Spokes for Strokes bike ride aims to improve stroke care

Ashburn050As a neurologist, I moved back to Paducah three years ago knowing I could improve stroke care in my hometown. Fortunately, I’ve been able to use my hobby – cycling – to do the same in the annual Spokes for Strokes bike ride hosted by Baptist Health Paducah. Community members can fight stroke, too, whether they’re avid cyclists or haven’t been on a bicycle in years, by registering for the ride.

Spokes for Strokes

The hospital will host its third Spokes for Strokes bike tour this Saturday, June 7, to raise stroke awareness, along with funds for life-saving technologies and expanded stroke care services.

It will begin at 7 a.m. with registration at Baptist Health Imaging on the west end of campus at 2705 Kentucky Ave., followed by the tour at 8 a.m. Registration at active.com is $25 for an individual, $40 for couples and $50 for a family of four.

4 cyclistsThe bike tour offers 10-, 35- or 65-mile rides through southern McCracken, Marshall and Graves counties. The longest ride includes challenging hills and four rest stops. The 35-mile ride is less hilly with four rest stops. The short ride is completely flat and stays in McCracken County. It includes one rest stop. All rides will be followed by support vehicles. Helmets are required.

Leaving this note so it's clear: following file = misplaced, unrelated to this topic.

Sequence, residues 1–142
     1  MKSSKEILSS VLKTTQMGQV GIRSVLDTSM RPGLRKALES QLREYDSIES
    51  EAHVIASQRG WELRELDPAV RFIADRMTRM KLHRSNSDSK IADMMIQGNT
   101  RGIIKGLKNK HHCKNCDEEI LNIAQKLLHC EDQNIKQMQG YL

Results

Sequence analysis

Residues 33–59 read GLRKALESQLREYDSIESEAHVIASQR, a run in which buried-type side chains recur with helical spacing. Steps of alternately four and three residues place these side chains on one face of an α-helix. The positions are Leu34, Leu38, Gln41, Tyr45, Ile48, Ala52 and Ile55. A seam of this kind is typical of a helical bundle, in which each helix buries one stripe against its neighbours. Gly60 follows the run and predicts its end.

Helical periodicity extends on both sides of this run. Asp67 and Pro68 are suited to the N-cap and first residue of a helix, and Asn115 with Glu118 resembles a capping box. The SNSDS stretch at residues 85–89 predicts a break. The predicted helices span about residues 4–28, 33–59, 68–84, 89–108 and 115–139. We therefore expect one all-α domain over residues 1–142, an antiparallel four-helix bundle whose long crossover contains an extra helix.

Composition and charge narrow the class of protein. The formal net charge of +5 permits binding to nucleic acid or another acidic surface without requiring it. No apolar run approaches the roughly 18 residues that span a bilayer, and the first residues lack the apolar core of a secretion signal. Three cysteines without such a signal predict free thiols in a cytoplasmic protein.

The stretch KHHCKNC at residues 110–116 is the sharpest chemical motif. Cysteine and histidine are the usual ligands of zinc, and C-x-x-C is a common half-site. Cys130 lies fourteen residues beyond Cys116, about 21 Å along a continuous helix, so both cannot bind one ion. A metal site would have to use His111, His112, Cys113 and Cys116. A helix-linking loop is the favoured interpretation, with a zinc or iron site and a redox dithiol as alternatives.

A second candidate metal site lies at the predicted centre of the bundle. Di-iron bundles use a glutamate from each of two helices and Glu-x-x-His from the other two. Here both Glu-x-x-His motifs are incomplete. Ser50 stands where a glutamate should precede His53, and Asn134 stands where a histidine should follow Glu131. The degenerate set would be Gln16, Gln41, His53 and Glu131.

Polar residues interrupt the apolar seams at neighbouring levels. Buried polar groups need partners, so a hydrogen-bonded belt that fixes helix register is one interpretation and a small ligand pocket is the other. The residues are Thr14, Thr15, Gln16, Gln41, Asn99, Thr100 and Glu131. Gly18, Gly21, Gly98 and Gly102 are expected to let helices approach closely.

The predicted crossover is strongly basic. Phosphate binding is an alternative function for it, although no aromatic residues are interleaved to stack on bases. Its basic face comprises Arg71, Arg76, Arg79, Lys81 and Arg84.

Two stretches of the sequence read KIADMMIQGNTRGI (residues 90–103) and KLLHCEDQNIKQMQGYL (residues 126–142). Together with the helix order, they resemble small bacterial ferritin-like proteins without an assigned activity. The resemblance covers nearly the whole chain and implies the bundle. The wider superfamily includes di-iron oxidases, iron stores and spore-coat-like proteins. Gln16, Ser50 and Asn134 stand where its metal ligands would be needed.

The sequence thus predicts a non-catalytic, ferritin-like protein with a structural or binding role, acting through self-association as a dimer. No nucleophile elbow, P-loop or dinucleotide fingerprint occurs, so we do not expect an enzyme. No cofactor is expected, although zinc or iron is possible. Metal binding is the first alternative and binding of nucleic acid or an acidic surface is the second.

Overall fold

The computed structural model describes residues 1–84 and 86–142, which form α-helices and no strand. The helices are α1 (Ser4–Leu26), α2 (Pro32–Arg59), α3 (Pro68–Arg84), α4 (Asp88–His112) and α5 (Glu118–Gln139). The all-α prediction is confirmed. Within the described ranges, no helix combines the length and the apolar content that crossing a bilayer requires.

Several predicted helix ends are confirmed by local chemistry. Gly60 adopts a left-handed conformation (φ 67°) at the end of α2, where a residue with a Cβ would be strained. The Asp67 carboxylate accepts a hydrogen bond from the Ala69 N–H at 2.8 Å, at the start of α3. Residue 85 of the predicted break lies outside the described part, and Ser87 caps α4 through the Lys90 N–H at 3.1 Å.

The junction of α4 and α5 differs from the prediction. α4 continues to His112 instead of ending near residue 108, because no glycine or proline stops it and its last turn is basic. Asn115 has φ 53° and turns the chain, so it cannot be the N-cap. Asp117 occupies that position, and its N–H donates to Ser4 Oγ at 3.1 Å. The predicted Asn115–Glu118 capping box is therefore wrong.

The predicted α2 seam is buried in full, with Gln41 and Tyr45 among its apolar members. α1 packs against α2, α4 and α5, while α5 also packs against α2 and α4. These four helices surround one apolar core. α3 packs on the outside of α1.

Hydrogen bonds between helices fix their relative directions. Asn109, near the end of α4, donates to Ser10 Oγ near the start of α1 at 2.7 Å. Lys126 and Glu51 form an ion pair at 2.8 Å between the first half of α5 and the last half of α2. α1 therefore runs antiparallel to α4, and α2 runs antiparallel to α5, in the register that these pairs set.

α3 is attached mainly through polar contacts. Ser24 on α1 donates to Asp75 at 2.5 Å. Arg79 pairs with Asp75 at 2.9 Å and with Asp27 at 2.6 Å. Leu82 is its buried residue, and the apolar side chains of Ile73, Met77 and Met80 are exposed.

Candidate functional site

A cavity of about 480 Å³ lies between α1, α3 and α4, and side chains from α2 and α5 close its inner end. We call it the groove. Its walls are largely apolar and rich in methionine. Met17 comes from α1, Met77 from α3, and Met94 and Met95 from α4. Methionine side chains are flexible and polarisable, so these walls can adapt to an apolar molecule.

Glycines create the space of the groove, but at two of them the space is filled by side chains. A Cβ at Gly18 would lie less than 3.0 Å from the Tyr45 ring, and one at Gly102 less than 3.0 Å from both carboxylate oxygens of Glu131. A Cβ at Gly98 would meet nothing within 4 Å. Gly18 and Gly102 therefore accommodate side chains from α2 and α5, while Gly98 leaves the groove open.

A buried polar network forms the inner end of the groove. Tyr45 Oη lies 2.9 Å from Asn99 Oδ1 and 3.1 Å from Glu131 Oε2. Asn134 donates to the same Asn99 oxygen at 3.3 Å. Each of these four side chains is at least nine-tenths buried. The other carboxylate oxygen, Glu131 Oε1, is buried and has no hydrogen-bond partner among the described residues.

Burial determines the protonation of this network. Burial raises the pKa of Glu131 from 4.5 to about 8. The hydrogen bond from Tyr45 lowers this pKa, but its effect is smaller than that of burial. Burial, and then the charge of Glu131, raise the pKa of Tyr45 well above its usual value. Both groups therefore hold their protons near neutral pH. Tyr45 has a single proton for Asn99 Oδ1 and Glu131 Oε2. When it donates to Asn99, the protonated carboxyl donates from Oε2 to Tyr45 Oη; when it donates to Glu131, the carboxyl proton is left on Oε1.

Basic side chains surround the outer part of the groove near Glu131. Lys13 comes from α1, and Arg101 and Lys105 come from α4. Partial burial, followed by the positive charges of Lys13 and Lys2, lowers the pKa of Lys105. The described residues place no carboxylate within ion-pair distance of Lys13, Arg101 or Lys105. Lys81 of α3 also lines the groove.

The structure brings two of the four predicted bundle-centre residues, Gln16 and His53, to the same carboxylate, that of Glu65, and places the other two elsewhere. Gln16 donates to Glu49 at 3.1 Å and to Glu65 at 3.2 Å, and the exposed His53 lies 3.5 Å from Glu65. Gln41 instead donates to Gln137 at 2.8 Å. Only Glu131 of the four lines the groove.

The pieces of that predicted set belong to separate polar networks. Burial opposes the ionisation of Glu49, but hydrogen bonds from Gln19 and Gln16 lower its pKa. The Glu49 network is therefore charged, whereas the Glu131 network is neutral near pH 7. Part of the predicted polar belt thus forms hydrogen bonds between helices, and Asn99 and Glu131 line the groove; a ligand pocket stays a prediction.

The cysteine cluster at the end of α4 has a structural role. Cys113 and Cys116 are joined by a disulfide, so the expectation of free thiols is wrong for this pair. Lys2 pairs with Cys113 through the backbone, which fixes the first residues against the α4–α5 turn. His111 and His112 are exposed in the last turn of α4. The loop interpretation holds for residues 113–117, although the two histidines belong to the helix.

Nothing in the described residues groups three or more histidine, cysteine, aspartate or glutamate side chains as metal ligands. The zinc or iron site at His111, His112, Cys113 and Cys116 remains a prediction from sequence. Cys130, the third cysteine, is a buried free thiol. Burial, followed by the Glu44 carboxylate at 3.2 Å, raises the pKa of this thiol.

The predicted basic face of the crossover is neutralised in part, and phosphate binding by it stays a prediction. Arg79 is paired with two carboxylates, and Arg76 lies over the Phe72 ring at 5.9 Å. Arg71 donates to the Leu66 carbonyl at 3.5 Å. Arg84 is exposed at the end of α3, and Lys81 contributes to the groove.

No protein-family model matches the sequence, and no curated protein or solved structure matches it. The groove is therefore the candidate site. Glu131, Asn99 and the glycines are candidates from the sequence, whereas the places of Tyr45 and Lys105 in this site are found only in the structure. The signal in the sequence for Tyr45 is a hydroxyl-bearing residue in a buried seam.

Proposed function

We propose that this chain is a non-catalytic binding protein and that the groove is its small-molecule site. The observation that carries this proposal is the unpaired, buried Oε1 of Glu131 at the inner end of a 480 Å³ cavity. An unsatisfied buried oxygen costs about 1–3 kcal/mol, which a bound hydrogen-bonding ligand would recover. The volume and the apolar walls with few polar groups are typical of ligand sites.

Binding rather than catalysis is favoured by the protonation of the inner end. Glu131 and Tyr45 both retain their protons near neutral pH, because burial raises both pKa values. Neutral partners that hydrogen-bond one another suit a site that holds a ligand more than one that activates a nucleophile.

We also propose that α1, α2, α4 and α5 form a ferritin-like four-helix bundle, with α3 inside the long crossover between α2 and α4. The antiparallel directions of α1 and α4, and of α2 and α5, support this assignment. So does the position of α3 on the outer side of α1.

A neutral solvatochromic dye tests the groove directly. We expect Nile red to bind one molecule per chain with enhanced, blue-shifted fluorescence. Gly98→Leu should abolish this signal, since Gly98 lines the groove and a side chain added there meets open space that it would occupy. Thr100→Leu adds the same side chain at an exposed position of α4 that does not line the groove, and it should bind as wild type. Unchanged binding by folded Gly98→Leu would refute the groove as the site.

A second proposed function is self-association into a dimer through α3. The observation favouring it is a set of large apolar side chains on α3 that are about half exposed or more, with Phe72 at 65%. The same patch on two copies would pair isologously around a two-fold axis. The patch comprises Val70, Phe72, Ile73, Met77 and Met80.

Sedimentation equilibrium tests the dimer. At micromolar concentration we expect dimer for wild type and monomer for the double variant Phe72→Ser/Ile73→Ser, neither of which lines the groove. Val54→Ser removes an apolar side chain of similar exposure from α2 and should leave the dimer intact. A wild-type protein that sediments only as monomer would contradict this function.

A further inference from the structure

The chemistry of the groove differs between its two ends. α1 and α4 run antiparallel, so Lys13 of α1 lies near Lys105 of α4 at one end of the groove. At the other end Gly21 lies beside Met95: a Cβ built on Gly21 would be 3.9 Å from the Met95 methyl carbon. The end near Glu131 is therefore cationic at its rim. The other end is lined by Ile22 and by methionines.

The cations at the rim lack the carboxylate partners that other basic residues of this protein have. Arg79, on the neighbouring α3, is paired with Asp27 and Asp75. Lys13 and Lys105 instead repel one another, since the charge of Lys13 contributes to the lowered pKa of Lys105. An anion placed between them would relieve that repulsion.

Stroke education

Why is stroke education so important? Stroke is the one of the nation’s leading killers and the leading cause of serious, long-term disability. Baptist is Kentucky’s only certified stroke center west of Owensboro and a recent recipient of The Get With the Guidelines®–Stroke Gold Plus Quality Achievement Award for commitment and success in meeting national guidelines for stroke care.

We focus on public education, so people of all ages know to call 9-1-1 immediately if they see anyone experiencing signs of a stroke. Time saved is brain saved, so if they seek immediate treatment, the effects of stroke may be reduced or even reversed.

To determine if symptoms indicate a stroke, keep F.A.S.T. in mind:

F=Face   Ask the person to smile. Does one side of the face droop?

A=Arm   Ask the person to raise both arms. Does one arm drift downward?

S=Speech   Ask the person to repeat a simple phrase. Is the speech slurred or strange?

T=Time   If you observe any of these signs, phone 9-1-1 because ambulance staff can expedite treatment.

If you have any questions about stroke symptoms, talk to a Baptist nurse any time at the Chest Pain & Stroke Hotline: 1.800.575.1911.

– Neurologist Joseph Ashburn, MD

Medical director of Baptist Health Paducah stroke center

About Baptist Health Paducah

Baptist Health Paducah is a regional medical and referral center, serving about 200,000 patients a year from four states. With more than 1,800 employees and 200 physicians, it offers a full range of services, including cardiac and cancer care, diagnostic imaging, women’s and children’s services, surgery, emergency treatment, rehabilitation and more. Since its humble beginning in 1953, Baptist Health Paducah has grown from 117 beds to 349 beds on a campus covering eight square blocks.
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One Response to Spokes for Strokes bike ride aims to improve stroke care

  1. Reblogged this on Baptist Health For You and commented:
    Great post from Baptist Health Paducah about their upcoming Spokes for Strokes bike ride!

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